In evaluating this situation the Texas appeals court went straight to the language of the lien release filed to release the first mechanics lien. This immediate reference to the release language underscores the importance of the release language in these types of questions. The release in this case provided as follows:

FOR AND IN CONSIDERATION of $1,500,000.00 and other good and valuable consideration, the receipt and sufficiency of which is hereby acknowledged, the [builder] does hereby release and discharge the property from this lien.

It is important to note that the original lien claim was for $3.2 million, and accordingly, the release was filed in exchange for less than half that amount ($1.5m).  Certainly, the parties likely negotiated to make a $1.5m payment now, continue work, and then to get future payments for the remaining debt. The lien claimant made a huge error when they agreed to release their lien for less than the full amount of the claim.  The court states such:

The builder argues that notwithstanding the release, it could “re-file” a lien for the unpaid portion of the same debt against the same parcel of land. We disagree because allowing the builder to do so would render the release meaningless. Thus, the release extinguished the builder’s initial lien and prevented it from reasserting the same lien against Parcel A for the unpaid portion of the pre-release debt.

This is the exact situation that cost Zachry Construction millions last year in another Texas case about lien waivers (as distinguished from actual mechanics lien cancellations or releases). Don’t ever sign or authorize a waiver or release of your claims unless you’re actually paid in full for those claims. When a claim is released, cancelled, or waived, it’s gone forever notwithstanding any back-room deals.  Period.

The builder actually got pretty lucky here because the court ruled it could still seek through a breach of contract claim the remaining $1.7 million unpaid in response to the first mechanics lien. This is because the “release does not say” that the “unpaid portion of the initial debt [was forgiven].” While this makes literal sense, the court went a little out of their way to preserve this claim for the builder as a great argument exists that they actually waived this claim.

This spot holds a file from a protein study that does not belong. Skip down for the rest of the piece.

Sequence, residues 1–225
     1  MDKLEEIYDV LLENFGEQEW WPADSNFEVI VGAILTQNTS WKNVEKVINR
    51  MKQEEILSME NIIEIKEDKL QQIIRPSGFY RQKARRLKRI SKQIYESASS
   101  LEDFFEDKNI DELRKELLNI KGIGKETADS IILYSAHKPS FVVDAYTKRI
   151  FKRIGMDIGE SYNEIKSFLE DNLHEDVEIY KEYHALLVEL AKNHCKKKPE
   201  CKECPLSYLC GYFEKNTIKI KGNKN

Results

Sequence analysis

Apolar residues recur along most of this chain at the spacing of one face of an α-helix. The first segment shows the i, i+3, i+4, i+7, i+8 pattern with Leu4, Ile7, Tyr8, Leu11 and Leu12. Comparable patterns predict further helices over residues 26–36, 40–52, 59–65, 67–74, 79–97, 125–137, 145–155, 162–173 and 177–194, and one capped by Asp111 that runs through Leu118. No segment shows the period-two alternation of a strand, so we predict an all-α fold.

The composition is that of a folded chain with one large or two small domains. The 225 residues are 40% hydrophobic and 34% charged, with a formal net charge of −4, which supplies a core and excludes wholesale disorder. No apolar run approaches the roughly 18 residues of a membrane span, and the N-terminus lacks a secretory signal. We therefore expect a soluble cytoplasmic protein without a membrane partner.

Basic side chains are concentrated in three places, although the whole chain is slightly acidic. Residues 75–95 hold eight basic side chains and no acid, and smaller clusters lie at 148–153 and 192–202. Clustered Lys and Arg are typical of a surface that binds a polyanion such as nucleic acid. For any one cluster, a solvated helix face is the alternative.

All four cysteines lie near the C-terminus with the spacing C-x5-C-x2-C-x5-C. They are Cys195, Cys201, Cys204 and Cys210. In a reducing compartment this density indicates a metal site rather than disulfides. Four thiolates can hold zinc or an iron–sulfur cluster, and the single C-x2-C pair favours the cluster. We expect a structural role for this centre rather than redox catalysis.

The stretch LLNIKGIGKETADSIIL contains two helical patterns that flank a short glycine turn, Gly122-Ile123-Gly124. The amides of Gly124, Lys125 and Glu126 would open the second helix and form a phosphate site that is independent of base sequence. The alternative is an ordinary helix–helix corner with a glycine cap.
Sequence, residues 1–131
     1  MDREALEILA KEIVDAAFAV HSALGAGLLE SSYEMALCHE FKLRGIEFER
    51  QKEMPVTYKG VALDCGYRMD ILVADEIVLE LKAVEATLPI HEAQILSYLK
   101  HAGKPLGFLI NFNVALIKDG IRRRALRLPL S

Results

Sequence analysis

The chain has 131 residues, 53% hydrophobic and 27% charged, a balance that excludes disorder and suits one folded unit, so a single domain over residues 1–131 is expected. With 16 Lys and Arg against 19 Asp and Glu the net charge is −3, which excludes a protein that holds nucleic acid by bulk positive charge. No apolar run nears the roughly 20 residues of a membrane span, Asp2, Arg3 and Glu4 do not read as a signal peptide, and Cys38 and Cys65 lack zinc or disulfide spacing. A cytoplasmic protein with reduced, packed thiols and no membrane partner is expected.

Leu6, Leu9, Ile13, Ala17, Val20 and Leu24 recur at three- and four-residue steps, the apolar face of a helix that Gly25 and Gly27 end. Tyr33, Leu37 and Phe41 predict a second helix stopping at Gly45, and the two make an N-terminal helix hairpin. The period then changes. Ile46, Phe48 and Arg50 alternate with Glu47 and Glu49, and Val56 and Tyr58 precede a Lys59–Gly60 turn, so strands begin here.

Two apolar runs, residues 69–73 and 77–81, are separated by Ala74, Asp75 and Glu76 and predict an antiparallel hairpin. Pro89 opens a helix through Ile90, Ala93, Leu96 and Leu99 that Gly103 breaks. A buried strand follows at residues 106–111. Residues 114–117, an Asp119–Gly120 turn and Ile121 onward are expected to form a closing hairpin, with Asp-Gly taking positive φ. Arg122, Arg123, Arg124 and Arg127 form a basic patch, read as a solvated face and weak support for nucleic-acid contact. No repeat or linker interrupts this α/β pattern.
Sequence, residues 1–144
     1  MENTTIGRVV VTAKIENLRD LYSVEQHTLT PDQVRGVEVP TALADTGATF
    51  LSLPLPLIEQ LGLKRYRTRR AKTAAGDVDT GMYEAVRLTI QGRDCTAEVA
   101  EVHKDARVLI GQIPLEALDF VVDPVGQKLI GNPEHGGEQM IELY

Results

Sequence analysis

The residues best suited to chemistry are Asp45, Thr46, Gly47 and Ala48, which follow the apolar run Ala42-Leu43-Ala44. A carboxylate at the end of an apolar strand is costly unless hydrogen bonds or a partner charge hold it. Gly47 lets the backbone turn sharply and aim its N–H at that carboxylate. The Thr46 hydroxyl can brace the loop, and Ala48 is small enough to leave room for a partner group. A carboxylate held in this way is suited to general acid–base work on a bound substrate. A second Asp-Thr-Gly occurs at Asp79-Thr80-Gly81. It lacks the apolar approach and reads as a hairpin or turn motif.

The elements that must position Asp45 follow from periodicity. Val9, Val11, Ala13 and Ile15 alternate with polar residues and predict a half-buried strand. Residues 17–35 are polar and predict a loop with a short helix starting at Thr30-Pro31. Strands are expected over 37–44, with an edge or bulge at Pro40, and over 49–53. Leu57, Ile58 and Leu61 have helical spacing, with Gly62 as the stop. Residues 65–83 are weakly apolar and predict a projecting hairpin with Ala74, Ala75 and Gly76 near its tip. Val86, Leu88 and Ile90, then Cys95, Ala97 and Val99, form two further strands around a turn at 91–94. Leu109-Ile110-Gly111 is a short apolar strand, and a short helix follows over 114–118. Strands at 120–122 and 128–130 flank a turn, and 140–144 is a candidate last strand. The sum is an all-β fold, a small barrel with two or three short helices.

A Second Mechanics Lien Is Allowed For Debt That Arose After The First Lien Was Released

Now to one of the more interesting parts of the decision: whether the claimant could file a followup mechanics lien for post-release expenses and charges that would not only be effective, but would “relate back” to the start of the project. The court’s summary does a great job of explaining:

Neither the release itself nor any summary judgment evidence suggests that the builder agreed to refrain from filing new liens if it incurred additional expenses. By its terms, the release affected only the builder’s pre-release lien. It said nothing about the builder’s ability to file future liens for post-release expenses…

[The release] refers only to the lien already filed and the indebtedness already incurred. We therefore do not construe the release as barring liens for post-release expenses.

Further, I applaud the Texas appeals court for tying the decision together and rejecting the bank’s claims by citing the purposes of the mechanics lien statutes:

Cases interpreting the mechanic’s lien statutes also counsel against invalidating a lien on a purely technical basis. For example, “[i]t is well settled that HN13Go to the description of this Headnote.the mechanic’s and materialman’s lien statutes are to be liberally construed for the purpose of protecting laborers and materialmen.” And courts have been more willing to excuse a mistake or omission in cases where no party is prejudiced by the defect. Indeed, “[t]he Legislature did not intend that the materialman should lose his lien through the technicalities of a warning, where the owner was not misled to his prejudice.”